Lieberman to Griner: Go for it
Women's basketball pioneer Nancy Lieberman went to two NBA summer leagues in the early 1980s in her bid to prove she could play the pro game with and against the foremost athletes in the sport.
Some three decades later, Lieberman is encouraging Baylor star Brittney Griner to seize the opportunity to do the same with the Dallas Mavericks, no matter how overwhelmingly remote Griner's chances of sticking actually are.
"There's nothing but unbelievable, historical upside," Lieberman said by phone Wednesday in the wake of Mavericks owner Mark Cuban's proclamation that he is open to drafting Griner if she proved worthy in a pre-draft workout.
"I would do it in a minute," Lieberman said. "There is no downside to her trying."
When reached Wednesday to expound on his comments in Los Angeles, Cuban said Griner has an open invitation to "work out for us" before the June 27 NBA Draft.
The most realistic path to the NBA, if Griner is serious about pursuing it, is actually trying out for a spot on the Mavericks' summer league team after the draft and then playing in the NBA's annual summer tournament in Las Vegas if she can -- as Griner tweeted Tuesday night -- indeed "hold my own."
Wednesday's highly skeptical reaction to the story, filled with naysayers scoffing at the idea that Griner could ever compete physically on an NBA floor in spite of her dominance as a 6-foot-8 center in the women's game, didn't dissuade Cuban at all.
Asked how likely it is the Mavericks will indeed bring her in for a workout, Cuban said: "We will find out."
Lieberman, 54, serves as assistant general manager for the Mavericks' D-League affiliate (Texas Legends). She still hopes to coach in the NBA as an assistant after serving as head coach of the Legends in their inaugural season in 2010-11, which established Lieberman as the first female to coach men under the NBA's umbrella.
As a player, Lieberman got a summer league shot from both the Los Angeles Lakers (then-coached by Pat Riley) and the Utah Jazz (under Frank Layden) in the early 1980s and went on to play two seasons with men in the United States Basketball League.
Yet she acknowledges that Griner, as an interior player, would have it even tougher than Lieberman did in terms of trying to compete with the size, strength and athleticism -- all of Griner's advantages in the women's game -- of NBA players.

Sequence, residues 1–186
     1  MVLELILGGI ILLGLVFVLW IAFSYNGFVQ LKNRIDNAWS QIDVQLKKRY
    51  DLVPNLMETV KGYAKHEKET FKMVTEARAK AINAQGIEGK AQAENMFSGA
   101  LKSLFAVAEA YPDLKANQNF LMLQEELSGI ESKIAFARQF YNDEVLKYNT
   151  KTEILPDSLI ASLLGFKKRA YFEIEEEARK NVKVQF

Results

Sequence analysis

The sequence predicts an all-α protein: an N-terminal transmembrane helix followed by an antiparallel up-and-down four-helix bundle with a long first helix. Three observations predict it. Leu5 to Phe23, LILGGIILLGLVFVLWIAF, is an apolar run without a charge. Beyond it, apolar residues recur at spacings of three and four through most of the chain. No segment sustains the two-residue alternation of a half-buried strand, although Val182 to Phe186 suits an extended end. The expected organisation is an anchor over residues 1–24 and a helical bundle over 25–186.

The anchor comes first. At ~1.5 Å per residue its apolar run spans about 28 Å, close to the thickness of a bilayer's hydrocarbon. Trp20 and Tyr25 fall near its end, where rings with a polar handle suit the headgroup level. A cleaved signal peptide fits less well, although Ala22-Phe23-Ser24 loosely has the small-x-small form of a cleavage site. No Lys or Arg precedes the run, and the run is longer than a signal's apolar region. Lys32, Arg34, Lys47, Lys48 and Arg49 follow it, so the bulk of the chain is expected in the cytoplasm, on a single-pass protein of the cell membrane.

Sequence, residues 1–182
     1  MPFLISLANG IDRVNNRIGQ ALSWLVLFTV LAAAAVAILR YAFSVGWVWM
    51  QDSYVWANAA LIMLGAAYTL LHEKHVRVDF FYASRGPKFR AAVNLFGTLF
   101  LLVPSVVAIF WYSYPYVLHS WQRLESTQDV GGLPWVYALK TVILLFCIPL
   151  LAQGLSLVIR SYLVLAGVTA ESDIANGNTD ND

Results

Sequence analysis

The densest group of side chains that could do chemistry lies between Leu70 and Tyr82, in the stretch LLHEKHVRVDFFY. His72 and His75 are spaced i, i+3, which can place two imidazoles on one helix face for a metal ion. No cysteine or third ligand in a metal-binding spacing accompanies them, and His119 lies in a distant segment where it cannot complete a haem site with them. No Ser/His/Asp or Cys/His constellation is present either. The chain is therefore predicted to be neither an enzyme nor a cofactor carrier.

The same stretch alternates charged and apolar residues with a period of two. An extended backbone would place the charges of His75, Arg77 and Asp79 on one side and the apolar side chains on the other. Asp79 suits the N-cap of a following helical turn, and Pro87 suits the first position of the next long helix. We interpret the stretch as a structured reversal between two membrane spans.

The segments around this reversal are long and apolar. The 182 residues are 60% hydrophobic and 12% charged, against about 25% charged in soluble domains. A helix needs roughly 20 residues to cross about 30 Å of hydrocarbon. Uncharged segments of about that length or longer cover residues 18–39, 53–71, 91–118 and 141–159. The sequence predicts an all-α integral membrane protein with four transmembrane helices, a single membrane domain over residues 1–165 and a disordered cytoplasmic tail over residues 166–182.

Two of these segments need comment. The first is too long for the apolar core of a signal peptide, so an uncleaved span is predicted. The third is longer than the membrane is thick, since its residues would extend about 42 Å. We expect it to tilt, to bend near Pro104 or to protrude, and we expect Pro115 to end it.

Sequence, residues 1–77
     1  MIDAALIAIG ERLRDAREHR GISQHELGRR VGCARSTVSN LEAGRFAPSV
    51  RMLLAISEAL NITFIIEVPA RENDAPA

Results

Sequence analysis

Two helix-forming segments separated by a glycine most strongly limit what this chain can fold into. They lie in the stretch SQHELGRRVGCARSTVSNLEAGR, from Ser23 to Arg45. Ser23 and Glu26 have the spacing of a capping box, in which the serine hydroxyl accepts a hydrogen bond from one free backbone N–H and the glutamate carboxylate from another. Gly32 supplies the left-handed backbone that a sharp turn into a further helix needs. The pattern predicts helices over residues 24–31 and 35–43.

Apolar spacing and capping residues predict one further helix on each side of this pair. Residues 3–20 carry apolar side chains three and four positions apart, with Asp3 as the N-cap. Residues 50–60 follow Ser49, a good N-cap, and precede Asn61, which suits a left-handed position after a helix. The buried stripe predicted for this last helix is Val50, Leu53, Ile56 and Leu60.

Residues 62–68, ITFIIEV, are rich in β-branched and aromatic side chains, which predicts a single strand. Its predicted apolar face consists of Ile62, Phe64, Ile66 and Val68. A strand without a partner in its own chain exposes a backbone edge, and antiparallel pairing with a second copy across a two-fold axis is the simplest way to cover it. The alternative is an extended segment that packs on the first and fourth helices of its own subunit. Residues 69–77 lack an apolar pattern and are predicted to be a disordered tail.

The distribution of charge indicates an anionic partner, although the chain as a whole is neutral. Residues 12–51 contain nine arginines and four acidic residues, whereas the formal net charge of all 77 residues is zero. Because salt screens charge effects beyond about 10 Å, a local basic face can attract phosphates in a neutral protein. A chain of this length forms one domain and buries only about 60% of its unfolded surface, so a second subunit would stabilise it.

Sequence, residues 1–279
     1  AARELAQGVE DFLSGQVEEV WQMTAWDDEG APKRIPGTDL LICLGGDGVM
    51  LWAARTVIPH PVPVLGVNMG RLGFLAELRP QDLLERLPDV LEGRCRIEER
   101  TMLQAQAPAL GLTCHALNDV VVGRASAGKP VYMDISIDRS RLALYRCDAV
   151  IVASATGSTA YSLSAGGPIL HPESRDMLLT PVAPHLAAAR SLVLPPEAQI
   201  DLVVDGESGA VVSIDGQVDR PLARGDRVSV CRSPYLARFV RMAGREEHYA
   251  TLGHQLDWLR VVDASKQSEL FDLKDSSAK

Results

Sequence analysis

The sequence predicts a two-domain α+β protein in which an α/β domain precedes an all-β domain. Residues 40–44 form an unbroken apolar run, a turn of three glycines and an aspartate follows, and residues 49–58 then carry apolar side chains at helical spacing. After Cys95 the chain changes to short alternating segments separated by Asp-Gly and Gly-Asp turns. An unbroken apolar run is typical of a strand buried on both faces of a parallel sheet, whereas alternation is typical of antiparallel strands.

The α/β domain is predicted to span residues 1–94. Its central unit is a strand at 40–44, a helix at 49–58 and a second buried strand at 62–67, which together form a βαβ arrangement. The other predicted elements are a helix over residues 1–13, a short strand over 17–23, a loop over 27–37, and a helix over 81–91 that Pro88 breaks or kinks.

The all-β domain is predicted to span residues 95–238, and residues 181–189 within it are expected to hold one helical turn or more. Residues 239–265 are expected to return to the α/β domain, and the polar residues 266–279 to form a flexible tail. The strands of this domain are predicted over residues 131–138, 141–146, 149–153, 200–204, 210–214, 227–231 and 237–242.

"I was extraordinarily average on my best days," Lieberman said. "And I was a point guard, so I could stay away from the physicality of the game and still do some of my job, which was IQ, passing, running the team. I always had somebody chasing me who was quick, but I wasn't getting knocked over or elbowed everywhere."
But Lieberman, even as she soaks in all the reasons that Griner would presumably struggle to cope, still believes that Griner should take Cuban up on the offer.
"I can tell you from experience ... you cannot compensate for the physical difference," Lieberman said. "But (playing with men) made me see the game better, think the game better, understand the game better, be more efficient with the game. There's not one day that I ever thought, 'I shouldn't do this.' "
Griner is widely expected to be selected by the Phoenix Mercury with the No. 1 overall pick in the WNBA draft on April 15, so another potential issue is the fact that she'd have to leave her WNBA team in the middle of the season just to try to earn a spot on Dallas' summer league squad. How willing would the Mercury be, in a four-month season, to let Griner leave for a month to pursue a long-shot NBA fantasy?
Lieberman used to coach the Detroit Shock in the WNBA and was asked to project the Mercury's reaction to such a request.
"I wouldn't be happy, but if it was something so unusually amazing of this magnitude, I'd have to think about the bigger picture of women's athletics and what this could mean to women," Lieberman said.
"There will be women as jealous as hell and they'll gripe and complain. There's going to be people who say Brittney turned her back on women's basketball. But there will be people who see a bigger picture and say: 'You know what? This is extraordinary.'
"If she has a once-in-a-lifetime opportunity with a once-in-a-lifetime guy (Cuban), she owes to herself to at least consider the suggestion. I would say do it. You can always go back to the WNBA. At worst, it makes her a better player and it highlights the history of the game."
Before the Mavericks' loss Tuesday night in Los Angeles to the Lakers, Cuban said: "If she is the best on the board (in the second round of the NBA draft), I will take her. I've thought about it. I've thought about it already. Would I do it? Right now I'd lean toward yes, just to see if she can do it. You never know unless you give somebody a chance. And it's not like the likelihood of any late-50s draft pick has a good chance of making it."